We finally know the allegations behind an Air Force general’s historic court-martial
“I am utterly, completely stunned. I’m speechless."
New details emerged on Tuesday which tell the story behind why Air Force Maj. Gen. William Cooley, the first general in Air Force history to face court-martial, was accused of sexual assault.
The alleged victim, the wife of Cooley’s brother, shared her story on the second day of the general’s court-martial at Wright-Patterson Air Force Base, Ohio.
“Bill Cooley’s attack on me was like an F5 tornado coming into my house, without my knowledge … without my consent, ruining everything in its path,” she said, according to the Journal-News, a local newspaper based in Butler County, Ohio.
Cooley was chief of the Air Force Research Laboratory in August 2018 when he was first accused of making unwanted sexual advances by kissing and touching a female civilian. He is charged with three counts of sexual assault under the Uniform Code of Military Justice. The general was relieved in January 2020 and reassigned as a special assistant to Gen. Arnold W. Bunch, Jr., chief of Air Force Materiel Command.
The lead-up to the trial was covered widely by the media since Cooley is the first Air Force general to face court-martial, especially as the Air Force and the military as a whole struggle to crack down on sexual assault and harassment in its ranks. However, Tuesday was the first time more specifics were made public about the woman Cooley allegedly assaulted and the circumstances that led to it.
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Cooley and the victim, who was unnamed by media outlets to protect her privacy, had known each other for 30 years before the alleged assault. The sister-in-law described her relationship with the general as “almost nonexistent” for most of those years, according to Air Force Times. However, recently he had become more physically affectionate, giving her full embraces rather than short hugs and even sometimes kissing the top of her head and smelling her hair during a hug, which made her deeply uncomfortable, according to Air Force Times.
It came to a head after a barbecue at the sister-in-law’s home in Albuquerque, New Mexico in 2018. Cooley was in town for a conference at nearby Kirtland Air Force Base, according to Coffee Or Die. Cooley asked the sister-in-law to drive him down the street to his parents’ house to pick up his luggage so that he could stay at the sister-in-law and her husband’s home, according to Air Force Times. But when they were alone together in the car, the general allegedly took her hand and said he’d been fantasizing about having sex with her for years.
“Am I the only one who feels this sexual tension?” the general said, according to the sister-in-law’s uniformed lawyer, Maj. Abbigayle Hunter, Air Force Times reported.
“I am utterly, completely stunned. I’m speechless,” the victim reportedly said, recalling that she felt “terrified” by a man she had known since 1988. The sister-in-law remained in the car trying to gather herself while Cooley collected his luggage from his parent’s house.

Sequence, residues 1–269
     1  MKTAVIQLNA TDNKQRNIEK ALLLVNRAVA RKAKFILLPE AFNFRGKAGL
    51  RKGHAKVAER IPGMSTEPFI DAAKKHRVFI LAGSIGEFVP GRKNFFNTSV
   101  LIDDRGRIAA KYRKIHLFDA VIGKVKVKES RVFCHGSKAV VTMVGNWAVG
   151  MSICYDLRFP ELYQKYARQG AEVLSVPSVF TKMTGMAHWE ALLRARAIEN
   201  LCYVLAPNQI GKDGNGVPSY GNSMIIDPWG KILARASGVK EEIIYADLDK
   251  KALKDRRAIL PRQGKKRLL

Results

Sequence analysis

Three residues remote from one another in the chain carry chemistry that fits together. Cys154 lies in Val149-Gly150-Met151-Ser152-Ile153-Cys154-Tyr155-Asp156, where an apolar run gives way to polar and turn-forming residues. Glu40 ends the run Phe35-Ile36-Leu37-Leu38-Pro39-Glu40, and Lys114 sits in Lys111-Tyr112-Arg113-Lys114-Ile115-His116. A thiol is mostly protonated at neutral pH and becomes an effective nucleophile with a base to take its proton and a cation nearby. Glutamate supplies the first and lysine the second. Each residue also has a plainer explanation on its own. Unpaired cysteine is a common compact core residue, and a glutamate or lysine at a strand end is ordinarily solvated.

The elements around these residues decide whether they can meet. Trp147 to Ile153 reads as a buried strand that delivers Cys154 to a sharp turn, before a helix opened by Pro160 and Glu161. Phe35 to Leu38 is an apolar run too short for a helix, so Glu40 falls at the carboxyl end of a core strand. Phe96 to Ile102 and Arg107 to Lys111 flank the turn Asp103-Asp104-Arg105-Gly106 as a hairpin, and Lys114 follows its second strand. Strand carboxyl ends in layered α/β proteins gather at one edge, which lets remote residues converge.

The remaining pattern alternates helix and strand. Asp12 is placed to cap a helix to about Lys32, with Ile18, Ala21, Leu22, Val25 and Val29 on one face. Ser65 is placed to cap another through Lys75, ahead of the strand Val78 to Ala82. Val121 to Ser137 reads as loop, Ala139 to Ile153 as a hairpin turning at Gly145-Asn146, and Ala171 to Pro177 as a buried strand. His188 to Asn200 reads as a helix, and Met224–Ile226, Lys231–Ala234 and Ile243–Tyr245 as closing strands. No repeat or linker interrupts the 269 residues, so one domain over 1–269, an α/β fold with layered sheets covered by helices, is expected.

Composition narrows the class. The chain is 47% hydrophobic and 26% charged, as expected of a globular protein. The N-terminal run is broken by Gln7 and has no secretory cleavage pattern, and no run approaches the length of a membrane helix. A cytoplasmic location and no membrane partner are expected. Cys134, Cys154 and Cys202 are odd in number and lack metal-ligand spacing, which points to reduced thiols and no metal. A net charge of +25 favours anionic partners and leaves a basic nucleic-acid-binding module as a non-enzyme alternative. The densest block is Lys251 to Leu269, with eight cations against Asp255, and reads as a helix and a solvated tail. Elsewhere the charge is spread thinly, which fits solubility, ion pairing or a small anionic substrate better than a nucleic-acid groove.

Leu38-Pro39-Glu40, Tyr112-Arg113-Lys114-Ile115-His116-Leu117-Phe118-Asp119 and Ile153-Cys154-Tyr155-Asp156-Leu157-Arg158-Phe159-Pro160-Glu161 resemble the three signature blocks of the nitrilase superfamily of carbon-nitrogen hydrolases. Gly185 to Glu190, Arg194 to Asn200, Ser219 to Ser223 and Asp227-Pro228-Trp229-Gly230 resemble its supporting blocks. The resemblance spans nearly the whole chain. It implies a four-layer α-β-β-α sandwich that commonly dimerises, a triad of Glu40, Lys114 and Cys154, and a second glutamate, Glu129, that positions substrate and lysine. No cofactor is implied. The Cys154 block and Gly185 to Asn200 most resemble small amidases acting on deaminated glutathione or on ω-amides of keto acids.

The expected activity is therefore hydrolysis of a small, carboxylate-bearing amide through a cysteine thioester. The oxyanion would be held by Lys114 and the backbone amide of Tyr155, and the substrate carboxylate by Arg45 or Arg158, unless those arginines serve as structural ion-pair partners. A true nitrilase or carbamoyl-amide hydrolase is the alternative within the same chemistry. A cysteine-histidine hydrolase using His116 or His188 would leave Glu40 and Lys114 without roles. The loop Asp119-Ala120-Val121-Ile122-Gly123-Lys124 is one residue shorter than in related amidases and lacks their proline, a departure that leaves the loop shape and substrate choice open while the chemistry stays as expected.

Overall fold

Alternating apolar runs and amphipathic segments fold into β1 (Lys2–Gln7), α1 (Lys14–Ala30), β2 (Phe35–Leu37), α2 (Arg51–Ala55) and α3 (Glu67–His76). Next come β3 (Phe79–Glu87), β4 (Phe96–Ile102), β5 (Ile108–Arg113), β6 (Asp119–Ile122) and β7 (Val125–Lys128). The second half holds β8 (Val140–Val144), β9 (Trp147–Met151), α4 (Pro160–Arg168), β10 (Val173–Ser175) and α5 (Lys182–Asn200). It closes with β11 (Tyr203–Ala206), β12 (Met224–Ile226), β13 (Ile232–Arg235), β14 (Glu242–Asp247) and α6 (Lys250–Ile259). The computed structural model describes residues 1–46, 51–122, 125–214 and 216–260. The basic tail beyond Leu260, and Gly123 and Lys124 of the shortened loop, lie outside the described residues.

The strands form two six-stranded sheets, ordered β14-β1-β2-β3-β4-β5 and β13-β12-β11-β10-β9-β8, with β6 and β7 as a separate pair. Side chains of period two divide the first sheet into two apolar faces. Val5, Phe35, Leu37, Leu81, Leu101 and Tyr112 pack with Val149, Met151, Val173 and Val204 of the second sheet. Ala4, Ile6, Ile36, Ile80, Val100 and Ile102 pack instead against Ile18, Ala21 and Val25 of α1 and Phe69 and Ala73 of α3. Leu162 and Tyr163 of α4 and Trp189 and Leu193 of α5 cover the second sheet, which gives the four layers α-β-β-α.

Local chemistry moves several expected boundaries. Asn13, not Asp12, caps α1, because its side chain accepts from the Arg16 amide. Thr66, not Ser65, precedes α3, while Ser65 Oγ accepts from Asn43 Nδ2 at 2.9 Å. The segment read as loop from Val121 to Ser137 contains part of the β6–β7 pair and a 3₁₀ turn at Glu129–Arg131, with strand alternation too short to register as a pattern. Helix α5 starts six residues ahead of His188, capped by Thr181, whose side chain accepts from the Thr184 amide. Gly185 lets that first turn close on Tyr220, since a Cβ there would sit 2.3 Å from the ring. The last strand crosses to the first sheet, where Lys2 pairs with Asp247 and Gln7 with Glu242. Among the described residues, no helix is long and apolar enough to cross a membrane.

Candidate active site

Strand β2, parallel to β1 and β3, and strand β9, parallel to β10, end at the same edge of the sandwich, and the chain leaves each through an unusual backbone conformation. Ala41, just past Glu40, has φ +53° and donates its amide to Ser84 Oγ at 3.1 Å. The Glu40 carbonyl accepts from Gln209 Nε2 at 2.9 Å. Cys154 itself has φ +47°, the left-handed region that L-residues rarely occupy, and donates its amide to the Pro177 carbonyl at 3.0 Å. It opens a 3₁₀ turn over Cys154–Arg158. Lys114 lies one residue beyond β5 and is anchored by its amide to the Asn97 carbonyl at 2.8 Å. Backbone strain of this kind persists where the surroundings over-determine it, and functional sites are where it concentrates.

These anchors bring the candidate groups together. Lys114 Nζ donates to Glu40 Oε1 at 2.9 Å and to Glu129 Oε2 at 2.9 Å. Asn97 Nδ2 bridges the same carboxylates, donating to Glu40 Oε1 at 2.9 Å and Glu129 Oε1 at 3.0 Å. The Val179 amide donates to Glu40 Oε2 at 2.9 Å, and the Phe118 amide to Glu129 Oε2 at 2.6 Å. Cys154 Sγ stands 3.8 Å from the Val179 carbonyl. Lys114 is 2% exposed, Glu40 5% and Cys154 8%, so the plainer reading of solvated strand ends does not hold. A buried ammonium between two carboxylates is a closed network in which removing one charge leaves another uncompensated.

The sister-in-law decided to drive Cooley back to her and her husband’s house out of fear of making the situation worse, according to Air Force Times. But either on the way back or once they arrived, the plaintiff could not remember, the general allegedly took her hand again and placed it on his groin. She testified that, after pulling into the garage, Cooley allegedly pinned the woman against the driver’s side door, kissed her, groped her breast and pressed his hand between her legs.
“I felt like I was having an out-of-body experience,” she said, according to Air Force Times. “I thought, ‘This is how rapes happen.’”
The sister-in-law pushed Cooley back to the passenger seat. The two stayed there for “what felt like a long time,” the plaintiff said, according to Coffee Or Die. Then her husband — Cooley’s brother — approached the car and asked if they were okay, to which she responded that they were talking about a friend from high school. The sister-in-law said she “did not have words to describe what happened,” for a while, but told her husband what happened within the next two days, Coffee Or Die reported.
According to Air Force Times, Cooley, his brother and his sister-in-law tried going to therapy together, where the couple asked the general to apologize and lay out how he would make things right. But the couple felt Cooley “was not owning up to his actions in discussions with others, including his parents,” Air Force Times wrote, which made them feel they had to take the issue to court.
The general’s defense team said the interaction in the car was consensual, and that the sister-in-law wanted to only ruin his career, according to Coffee Or Die. In response, the sister-in-law said any idea that it was consensual is “simply not true,” according to Air Force Times. The defense team said the plaintiff had flirted with the general during the barbecue and that she gave mixed messages in her interactions with Cooley afterwards.
“I’m flattered. Stunned, but flattered,” the sister-in-law said in a voicemail that was played in court, Air Force Times reported. She also described the interaction as “we kissed” in a voicemail, a choice she said she regretted in court.
“I regret that to this day,” she said, according to the Journal-News.
Air Force Times reported that Cooley sent nearly $1,000 to the sister-and-law and her brother, but said he would report them for blackmail if they tried to get more.
The general could face up to 21 years confinement, loss of rank, pay and benefits, and dismissal from service if convicted. The trial will be decided by a judge alone and is estimated to last to April 29.
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